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Mihajlovic: Roma women are the most sensitive group, zero tolerance for all forms of violence

"The Government of Serbia is clearly committed to making all citizens of our country, of any gender, nationality or age, live in a society free from violence, because zero tolerance for all forms of discrimination and violence is our goal," Deputy Prime Minister and President of the Coordination Body for Gender Equality, prof. Zorana Mihajlovic PhD., said today.


At the opening of the regional conference "United to Stop Violence Against Women" at the Palace of Serbia, she pointed out that statistics are devastating when it comes to the position of Roma women in society, but that this does not mean that we should be discouraged and not do everything to improve the situation.

 

“Roma women are one of the most vulnerable groups of society. It is important that we are all at the table today - both the state and the non-governmental sector, but also our international partners, because this is not a problem of one government and one organization. Day-to-day combat, continuous work and coordination are key to solving problems,” she said.

Mihajlovic added that one of the biggest problems for Roma women is child marriage and early marriage, and that the state will amend the Family Law to combat this problem.


"It is also important that we work to change the consciousness of the general population, to point out that this is not a matter of tradition and culture, but a serious violation of human rights and a form of abuse of girls," she said.

 

Blerta Cela, UN Women's Deputy Director for Europe and Central Asia, said a regional report will be presented today, outlining the challenges the four countries in the region are facing, as well as recommendations on how to overcome them.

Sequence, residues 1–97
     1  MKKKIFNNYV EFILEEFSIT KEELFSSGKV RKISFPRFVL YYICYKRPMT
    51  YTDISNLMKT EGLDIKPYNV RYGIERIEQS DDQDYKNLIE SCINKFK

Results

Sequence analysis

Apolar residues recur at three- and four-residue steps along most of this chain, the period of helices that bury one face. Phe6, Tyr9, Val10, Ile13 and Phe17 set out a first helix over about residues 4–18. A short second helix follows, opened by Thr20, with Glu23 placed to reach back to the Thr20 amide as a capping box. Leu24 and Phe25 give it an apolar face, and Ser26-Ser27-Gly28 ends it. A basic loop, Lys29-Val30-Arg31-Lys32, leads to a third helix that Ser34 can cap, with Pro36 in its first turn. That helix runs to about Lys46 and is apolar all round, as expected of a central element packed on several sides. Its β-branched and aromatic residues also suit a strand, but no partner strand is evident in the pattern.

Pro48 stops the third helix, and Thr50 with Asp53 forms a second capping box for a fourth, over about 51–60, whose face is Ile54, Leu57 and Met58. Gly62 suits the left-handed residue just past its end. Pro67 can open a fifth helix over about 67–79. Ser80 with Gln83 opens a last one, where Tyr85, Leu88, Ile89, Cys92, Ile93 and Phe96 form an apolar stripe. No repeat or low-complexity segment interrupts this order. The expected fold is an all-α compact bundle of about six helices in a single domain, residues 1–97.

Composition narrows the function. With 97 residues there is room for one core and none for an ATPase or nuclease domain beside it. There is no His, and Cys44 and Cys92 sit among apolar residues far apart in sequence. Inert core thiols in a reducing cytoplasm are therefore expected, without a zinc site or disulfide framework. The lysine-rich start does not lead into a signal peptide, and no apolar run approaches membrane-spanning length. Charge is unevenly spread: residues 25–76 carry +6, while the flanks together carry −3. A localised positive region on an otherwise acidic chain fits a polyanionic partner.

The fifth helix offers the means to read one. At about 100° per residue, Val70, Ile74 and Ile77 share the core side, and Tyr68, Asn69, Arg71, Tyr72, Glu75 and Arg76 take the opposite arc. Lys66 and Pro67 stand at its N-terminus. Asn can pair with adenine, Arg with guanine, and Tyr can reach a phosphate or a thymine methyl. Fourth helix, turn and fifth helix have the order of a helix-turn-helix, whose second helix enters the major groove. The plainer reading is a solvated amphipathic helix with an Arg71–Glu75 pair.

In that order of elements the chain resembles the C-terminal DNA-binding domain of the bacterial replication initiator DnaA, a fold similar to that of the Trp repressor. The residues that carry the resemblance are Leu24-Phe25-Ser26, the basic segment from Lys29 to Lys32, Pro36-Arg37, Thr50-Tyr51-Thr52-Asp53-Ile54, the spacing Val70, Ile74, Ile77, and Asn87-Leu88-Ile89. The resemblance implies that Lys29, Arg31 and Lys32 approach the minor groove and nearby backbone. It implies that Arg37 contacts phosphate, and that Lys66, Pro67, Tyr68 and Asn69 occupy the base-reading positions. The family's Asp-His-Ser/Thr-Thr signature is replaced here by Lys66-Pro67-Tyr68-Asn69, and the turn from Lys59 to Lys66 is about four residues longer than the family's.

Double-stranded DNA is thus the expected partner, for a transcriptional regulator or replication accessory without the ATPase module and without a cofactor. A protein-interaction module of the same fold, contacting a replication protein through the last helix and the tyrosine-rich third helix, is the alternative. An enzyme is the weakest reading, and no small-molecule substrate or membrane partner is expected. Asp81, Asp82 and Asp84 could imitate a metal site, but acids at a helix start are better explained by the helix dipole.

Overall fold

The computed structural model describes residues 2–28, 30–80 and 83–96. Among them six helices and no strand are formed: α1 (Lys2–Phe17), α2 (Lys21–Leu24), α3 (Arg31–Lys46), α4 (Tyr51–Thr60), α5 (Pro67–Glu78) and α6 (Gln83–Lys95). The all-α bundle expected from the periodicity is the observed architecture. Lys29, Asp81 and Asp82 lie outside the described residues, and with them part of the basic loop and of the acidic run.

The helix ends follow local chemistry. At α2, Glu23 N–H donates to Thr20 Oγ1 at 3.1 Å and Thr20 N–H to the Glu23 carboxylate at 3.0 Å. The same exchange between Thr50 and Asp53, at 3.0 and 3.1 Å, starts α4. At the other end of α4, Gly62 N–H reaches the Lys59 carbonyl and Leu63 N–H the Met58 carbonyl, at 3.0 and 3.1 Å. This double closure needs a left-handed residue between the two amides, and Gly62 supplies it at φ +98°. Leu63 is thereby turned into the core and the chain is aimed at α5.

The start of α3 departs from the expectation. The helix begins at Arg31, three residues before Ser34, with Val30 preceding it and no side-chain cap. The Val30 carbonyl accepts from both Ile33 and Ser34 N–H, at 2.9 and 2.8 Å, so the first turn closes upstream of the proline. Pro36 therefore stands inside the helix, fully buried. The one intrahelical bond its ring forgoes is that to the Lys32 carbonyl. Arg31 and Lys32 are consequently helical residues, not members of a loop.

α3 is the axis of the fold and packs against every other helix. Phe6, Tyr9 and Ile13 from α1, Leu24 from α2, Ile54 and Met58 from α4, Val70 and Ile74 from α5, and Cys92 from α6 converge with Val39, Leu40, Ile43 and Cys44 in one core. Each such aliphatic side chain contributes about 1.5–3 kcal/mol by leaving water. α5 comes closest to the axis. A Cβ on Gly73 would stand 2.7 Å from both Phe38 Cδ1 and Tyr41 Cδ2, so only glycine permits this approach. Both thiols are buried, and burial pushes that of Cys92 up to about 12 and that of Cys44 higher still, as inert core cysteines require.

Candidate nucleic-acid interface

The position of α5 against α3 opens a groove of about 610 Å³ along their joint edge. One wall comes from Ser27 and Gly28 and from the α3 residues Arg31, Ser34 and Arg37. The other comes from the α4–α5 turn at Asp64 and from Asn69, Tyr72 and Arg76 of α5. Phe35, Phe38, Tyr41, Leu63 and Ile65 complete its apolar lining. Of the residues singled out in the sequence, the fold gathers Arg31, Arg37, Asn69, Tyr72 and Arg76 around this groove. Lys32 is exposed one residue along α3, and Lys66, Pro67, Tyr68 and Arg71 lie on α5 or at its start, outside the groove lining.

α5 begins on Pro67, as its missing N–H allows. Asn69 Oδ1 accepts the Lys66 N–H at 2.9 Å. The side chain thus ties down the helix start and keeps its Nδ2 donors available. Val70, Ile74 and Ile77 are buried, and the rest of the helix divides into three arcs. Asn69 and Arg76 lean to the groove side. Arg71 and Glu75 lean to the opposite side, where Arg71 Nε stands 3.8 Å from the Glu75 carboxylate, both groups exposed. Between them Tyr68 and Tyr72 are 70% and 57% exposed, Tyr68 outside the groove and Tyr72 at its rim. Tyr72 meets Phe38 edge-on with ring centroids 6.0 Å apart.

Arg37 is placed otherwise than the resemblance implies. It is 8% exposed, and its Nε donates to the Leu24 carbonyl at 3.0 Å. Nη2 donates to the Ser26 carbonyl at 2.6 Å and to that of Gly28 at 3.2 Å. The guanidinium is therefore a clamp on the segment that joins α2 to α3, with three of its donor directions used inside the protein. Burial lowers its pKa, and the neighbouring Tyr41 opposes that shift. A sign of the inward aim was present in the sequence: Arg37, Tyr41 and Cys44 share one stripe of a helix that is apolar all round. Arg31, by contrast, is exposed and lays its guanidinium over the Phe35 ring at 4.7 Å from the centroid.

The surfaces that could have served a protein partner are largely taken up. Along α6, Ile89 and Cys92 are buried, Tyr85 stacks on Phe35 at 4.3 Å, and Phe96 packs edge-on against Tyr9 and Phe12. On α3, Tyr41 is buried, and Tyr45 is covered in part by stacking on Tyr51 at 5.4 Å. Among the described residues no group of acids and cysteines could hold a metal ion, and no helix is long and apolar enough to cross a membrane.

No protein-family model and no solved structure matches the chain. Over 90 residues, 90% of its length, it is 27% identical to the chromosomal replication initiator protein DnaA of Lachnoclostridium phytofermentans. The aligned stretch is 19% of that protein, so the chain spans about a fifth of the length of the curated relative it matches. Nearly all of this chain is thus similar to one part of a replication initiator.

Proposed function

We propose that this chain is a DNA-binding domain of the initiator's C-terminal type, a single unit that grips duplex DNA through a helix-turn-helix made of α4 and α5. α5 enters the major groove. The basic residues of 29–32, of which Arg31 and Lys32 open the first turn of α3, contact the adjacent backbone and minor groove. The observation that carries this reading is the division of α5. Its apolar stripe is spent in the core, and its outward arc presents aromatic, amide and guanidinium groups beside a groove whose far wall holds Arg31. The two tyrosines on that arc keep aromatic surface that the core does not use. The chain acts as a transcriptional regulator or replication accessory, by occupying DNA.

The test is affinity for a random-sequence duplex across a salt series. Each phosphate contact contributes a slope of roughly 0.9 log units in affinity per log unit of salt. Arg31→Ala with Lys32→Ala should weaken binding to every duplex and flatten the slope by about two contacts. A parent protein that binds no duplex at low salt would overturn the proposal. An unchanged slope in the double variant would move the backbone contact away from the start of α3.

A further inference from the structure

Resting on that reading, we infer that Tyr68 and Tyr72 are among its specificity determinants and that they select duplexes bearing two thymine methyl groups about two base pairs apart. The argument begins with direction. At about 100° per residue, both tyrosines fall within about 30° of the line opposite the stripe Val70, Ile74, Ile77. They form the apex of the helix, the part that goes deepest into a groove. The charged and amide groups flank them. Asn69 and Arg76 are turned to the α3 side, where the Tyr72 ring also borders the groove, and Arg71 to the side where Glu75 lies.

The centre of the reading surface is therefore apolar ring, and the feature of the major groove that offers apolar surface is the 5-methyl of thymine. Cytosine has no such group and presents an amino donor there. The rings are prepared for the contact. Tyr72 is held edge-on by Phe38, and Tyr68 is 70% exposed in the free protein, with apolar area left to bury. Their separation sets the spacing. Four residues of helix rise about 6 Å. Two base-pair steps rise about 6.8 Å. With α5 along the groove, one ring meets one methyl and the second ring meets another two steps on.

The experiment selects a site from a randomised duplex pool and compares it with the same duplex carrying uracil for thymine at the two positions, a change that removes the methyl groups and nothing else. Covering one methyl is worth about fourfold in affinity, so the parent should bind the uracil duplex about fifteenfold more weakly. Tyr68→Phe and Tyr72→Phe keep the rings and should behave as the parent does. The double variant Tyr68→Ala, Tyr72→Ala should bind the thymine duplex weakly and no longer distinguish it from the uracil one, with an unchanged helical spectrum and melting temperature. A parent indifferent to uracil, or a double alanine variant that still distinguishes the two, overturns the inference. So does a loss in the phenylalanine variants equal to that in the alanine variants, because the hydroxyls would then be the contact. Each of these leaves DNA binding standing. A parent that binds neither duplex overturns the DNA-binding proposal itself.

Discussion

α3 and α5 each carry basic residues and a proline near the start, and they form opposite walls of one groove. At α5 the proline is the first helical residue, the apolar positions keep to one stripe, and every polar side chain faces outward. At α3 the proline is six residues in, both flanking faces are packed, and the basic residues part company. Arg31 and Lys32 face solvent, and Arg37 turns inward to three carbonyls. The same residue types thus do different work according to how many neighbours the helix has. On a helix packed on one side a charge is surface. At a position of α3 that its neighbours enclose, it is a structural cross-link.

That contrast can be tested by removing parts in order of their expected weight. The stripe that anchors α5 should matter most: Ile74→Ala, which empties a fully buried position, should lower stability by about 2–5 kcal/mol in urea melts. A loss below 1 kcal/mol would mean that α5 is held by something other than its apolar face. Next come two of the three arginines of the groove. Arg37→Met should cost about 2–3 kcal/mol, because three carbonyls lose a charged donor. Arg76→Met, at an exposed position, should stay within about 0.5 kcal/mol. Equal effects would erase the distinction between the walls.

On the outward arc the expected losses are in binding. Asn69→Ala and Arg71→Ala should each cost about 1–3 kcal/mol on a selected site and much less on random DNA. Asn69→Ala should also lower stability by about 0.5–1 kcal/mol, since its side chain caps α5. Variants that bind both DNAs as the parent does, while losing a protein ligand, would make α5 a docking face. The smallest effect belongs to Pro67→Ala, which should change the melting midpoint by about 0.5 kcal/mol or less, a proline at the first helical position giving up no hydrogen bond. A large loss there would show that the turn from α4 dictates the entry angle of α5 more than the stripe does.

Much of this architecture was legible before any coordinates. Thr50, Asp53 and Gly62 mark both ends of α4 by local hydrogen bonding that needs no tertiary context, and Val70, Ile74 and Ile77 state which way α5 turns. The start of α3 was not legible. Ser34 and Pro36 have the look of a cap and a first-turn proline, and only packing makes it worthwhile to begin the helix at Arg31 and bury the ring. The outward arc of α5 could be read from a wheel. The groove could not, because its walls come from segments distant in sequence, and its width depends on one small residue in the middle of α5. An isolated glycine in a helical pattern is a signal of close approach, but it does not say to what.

“It is important that when designing policies and measures, we take into account the needs of both women and men, and especially vulnerable groups. The principle that we should all adhere to is that no one is left out,” said Cela.


Mateja Norcic Stamcar, Deputy Head of the EU Delegation to Serbia, pointed out that Roma are the largest minority in Europe and the most discriminated against.

 

“The European Union will continue to support the efforts of Government of Serbia to improve the position of Roma in the community. So far, we have invested € 11 million, and by the end of the year another € 20 million will be spent on programs that focus on registering newborns in registries, housing, employment and scholarship,” she said.


Slavica Vasic from Roma Women's Center “Bibija” said that for the past 20 years this organization has been striving to be the voice of Roma women in Serbia, and that it is important that we join our forces to tackle the problem Roma women are facing.


"Today we will adopt joint statements and recommendations to help develop measures aimed at eliminating the multiple discrimination that Roma women are exposed to," Vasic said.